Avian flu spread continues: U-M experts weigh in

May 24, 2024
Concept illustration of a chicken with virus particles in the background. Image credit: Nicole Smith, made with Midjourney


Experts from the University of Michigan are available to discuss the evolving avian flu situation, which most recently led to a second person in the U.S. confirmed infected with the H5N1 virus, this one in Michigan.

Additionally, the federal government this week called for local and state agencies to continue monitoring for flu instead of the usual slowing of surveillance in the summer and to test samples for H5N1. U-M experts include:

Adam Lauring, professor of internal medicine and microbiology and immunology at the Medical School, can speak about the government’s tracking of flu cases and efforts to prevent the spread to animals and humans. Lauring is also a professor of ecology and evolutionary biology at the College of Literature, Science, and the Arts.

His current research focuses on how the influenza virus evolves within people. He co-leads virus sequencing efforts as part of the Michigan Sequencing Academic Partnership for Public Health Innovation and Response.

“Given the importance of birds and pigs to influenza ecology—novel viruses cycle through this species and can emerge there) and in agriculture—there has been surveillance of these species for years. Over the last two years, there have been spillover events where the virus goes from birds to mammals, for example, mink or marine mammals, and therefore scientists have been tracking this,” Lauring said.

“The spill over into dairy cattle has triggered a significant multi-agency federal response given the importance of cattle to our food supply and the potential for more frequent contact with humans,” he said. “There is state and federal surveillance of cattle. There has been extensive testing of milk to ensure that pasteurization eliminates infectivity, and assessment of beef cattle—no virus detected there. Additionally, there is increased surveillance of dairy workers with additions of recommendations for PPE.”

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Timothy Cernak, assistant professor of medicinal chemistry at the College of Pharmacy and assistant professor of chemistry at the College of Literature, Science, and the Arts, researches and tests the effectiveness of drugs and vaccines and the changes in virus in response to medications. His lab also researches ways to develop medicines faster and that are safer.

“H5N1 continues to pop up around the U.S. The good news is that it still appears to only spread to humans who are exposed to a high viral load, as in farm workers exposed to bio fluids of infected animals,” he said. “Some H5N1 strains from wild birds have shown resistance developing in some older antivirals, but the good news is that flu vaccines should be effective here and to date those farm workers infected have been treatable with our current arsenal of antivirals.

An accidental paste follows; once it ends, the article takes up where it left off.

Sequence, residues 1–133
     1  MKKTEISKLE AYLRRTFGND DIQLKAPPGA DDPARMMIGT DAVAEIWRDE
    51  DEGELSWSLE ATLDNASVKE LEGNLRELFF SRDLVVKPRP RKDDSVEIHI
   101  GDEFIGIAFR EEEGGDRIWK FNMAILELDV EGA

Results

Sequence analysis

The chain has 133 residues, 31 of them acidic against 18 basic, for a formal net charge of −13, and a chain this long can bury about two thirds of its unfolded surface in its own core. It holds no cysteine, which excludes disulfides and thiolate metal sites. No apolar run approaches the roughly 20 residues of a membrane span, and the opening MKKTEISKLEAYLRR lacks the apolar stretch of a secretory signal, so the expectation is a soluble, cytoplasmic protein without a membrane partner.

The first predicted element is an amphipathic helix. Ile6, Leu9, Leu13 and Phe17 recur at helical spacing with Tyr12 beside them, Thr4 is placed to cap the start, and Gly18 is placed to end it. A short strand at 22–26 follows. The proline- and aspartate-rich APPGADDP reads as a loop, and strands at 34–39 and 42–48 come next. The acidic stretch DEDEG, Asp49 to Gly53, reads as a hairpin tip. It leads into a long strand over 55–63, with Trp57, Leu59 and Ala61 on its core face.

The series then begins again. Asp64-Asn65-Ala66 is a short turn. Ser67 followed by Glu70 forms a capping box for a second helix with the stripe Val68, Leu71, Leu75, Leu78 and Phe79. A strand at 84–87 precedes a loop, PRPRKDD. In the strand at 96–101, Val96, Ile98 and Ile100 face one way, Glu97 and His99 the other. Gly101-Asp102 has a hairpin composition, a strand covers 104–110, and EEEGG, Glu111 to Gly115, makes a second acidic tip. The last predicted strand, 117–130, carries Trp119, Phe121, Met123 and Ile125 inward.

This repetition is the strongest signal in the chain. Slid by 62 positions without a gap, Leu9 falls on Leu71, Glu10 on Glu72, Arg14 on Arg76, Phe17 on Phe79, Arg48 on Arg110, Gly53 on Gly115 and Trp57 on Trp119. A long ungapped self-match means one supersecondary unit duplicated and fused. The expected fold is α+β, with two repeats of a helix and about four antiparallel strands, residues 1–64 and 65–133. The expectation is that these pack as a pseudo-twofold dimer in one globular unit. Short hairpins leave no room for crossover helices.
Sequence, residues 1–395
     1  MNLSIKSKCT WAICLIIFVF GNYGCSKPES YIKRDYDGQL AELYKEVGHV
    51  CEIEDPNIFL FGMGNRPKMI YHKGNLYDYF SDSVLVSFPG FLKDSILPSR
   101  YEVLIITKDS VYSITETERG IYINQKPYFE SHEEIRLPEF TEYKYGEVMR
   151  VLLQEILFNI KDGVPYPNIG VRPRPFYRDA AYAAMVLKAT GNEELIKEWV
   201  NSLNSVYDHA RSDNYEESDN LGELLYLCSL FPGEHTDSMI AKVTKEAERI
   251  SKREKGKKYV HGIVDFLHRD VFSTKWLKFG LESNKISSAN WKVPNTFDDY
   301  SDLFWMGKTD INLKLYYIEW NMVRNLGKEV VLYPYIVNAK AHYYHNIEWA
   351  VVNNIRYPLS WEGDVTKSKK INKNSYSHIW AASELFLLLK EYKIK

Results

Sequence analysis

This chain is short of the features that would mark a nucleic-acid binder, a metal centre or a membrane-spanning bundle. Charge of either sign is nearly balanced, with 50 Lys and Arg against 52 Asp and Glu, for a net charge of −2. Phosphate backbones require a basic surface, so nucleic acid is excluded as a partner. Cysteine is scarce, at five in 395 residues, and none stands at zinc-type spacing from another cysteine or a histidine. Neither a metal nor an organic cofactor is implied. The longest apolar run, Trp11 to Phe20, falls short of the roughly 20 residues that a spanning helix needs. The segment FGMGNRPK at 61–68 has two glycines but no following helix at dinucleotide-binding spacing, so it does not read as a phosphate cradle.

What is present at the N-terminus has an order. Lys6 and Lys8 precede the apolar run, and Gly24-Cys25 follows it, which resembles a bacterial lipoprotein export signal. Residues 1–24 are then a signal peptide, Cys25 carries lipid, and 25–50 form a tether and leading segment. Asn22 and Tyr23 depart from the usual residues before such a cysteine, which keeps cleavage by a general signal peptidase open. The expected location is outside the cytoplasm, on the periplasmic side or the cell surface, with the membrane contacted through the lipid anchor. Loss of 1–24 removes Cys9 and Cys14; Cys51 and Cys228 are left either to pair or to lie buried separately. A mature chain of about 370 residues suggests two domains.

“What we don’t want to see is mutations toward respiratory transmission and mutations that make our current drugs less efficacious.”

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Arnold Monto is a professor emeritus of epidemiology and global public health at the School of Public Health and co-director of the Michigan Center for Respiratory Virus Research and Response.

For seven decades, Monto has expanded the understanding and academic literature of respiratory disease and epidemiology research. In 1965, he worked on the Tecumseh Community Health Study, expanding the landmark study’s scope to look at the spread of respiratory infections in the 10,000 residents of Tecumseh, Michigan. During the 1968 influenza pandemic, Monto found that vaccinating school-aged children reduced infection in the entire community, an early demonstration of herd immunity.

“The new case in Michigan doesn’t really change much. We thought there would be more and the problem is that the more human cases there are, the more chances the virus has to mutate enough to transmit from human to human rather than animal to human, and we don’t think that will happen easily because the virus has been trying to do that for years,” Monto said.

He has been involved in evaluating a variety of strategies to control influenza and other respiratory diseases and has been involved in pandemic planning and emergency response to influenza and other respiratory virus outbreaks, including the 1968 Hong Kong influenza pandemic, avian influenza, SARS, MERS, and most recently, the COVID-19 pandemic.

“But on the other hand, we know that there are lethal cases of H5N1 occurring in Cambodia right now, and that virus is not much different from a molecular standpoint than the one in the dairy cows,” he said.

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